Cimetière des Chiens et Autres Animaux Domestiques

The Cimetière des Chiens et Autres Animaux Domestiques is often claimed to be the first zoological necropolis in the modern world. The ancient Ashkelon dog cemetery predates it by thousands of years. It opened in 1899 at 4 pont de Clichy on Île des Ravageurs in Asnières-sur-Seine, Île-de-France.

Cimetière des Chiens et Autres Animaux Domestiques
Dog cimetière.jpg
TypePet cemetery
StyleArt Nouveau
Owned bycity of Asnières

This "Cemetery of Dogs and Other Domestic Animals" is an elaborate pet cemetery, the burial site for dogs, cats, and a wide variety of pets ranging from horses to monkeys to lions and even fish.

Located in a northwest suburb of Paris, the pet cemetery caters to a very elite clientele. It contains many ornate sculptures, and at the entry is the monument to Barry,[1] a Saint Bernard mountain rescue dog who died in 1814. The plaque says that during his lifetime, "Barry" was responsible for saving the lives of 40 people lost or trapped in the mountain snow.[2] (Barry himself is not buried at the cemetery; his preserved body is on display at the Swiss Natural History Museum in Bern.)

Some of the cemetery's residents are famous in their own right such as Rin Tin Tin,[3] the star of Hollywood films following his rescue during World War I, while others are the beloved pets of the wealthy who could afford this elaborate burial place such as film director Sacha Guitry. Buried here too, is the pet lion of stage actress, feminist, and co-founder of the cemetery, Marguerite Durand and the pet of Camille Saint-Saëns, composer of Carnival of the Animals.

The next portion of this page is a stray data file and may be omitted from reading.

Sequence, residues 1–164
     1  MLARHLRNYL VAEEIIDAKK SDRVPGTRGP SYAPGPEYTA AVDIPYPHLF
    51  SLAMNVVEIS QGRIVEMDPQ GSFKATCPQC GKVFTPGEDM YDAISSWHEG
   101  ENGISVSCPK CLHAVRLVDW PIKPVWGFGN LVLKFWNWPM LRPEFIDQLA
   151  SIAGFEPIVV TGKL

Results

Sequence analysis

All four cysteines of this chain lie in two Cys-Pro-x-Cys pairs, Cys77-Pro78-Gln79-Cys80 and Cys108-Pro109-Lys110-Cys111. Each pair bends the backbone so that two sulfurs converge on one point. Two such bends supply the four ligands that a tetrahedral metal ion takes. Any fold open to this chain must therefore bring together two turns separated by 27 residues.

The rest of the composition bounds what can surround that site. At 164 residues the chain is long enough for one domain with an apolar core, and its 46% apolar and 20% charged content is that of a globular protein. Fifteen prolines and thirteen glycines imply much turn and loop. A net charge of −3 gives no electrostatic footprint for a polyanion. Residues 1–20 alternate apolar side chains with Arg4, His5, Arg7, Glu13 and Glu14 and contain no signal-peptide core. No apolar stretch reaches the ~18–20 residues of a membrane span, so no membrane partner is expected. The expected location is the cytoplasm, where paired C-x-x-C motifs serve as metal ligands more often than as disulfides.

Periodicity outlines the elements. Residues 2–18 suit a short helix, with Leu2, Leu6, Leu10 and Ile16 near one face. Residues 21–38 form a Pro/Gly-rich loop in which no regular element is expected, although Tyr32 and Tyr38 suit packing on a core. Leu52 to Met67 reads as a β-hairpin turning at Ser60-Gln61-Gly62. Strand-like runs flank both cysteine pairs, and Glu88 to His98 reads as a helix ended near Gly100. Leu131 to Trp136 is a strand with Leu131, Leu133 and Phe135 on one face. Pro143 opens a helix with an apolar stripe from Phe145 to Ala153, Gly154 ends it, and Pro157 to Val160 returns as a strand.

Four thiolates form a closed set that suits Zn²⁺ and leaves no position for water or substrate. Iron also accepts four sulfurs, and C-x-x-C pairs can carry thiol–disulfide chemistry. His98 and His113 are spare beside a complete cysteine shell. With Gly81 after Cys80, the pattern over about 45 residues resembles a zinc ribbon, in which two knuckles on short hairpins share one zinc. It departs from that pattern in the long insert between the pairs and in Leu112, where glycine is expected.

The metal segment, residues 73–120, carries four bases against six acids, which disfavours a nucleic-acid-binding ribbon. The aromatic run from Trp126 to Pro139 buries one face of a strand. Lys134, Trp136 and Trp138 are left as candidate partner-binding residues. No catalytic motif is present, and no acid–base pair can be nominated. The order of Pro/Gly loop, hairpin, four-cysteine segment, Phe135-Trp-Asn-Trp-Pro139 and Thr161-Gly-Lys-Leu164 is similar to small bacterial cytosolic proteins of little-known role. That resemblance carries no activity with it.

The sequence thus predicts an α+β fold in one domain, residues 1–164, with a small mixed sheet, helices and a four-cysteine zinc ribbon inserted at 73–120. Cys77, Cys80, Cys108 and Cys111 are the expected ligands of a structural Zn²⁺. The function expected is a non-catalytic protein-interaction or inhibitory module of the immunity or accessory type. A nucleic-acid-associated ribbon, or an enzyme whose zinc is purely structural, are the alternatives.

In 1987, the government of France classified the cemetery as an historical monument. The cemetery presently is owned and managed by the city of Asnières and is open to visitors.[4]

The impressive entrance to the cemetery was designed by noted architect Eugène Petit in Art Nouveau style.[5]

In 1910, the gates of the cemetery were reproduced in the city of Curitiba, Paraná (Brazil), for the entrance of its first urban park, the Public Walk. The reference is indicated on bronze plates next to the construction.


  1. ^ Tribute to Barry Archived 2012-03-13 at the Wayback Machine
  2. ^ Legend has it that the 41st person whom Barry tried to rescue was the one who took the unfortunate dog's life.
  3. ^ Tribute to Rin Tin Tin Archived 2011-03-13 at the Wayback Machine
  4. ^ "Tourisme International". Archived from the original on 2010-09-25. Retrieved 2012-03-16.
  5. ^ A tour of Parisian pet cemetery Cimetière des Chiens on Lost & Fond Archived 2012-02-22 at the Wayback Machine

External linksEdit

Coordinates: 48°54′34″N 2°17′48″E / 48.90944°N 2.29667°E / 48.90944; 2.29667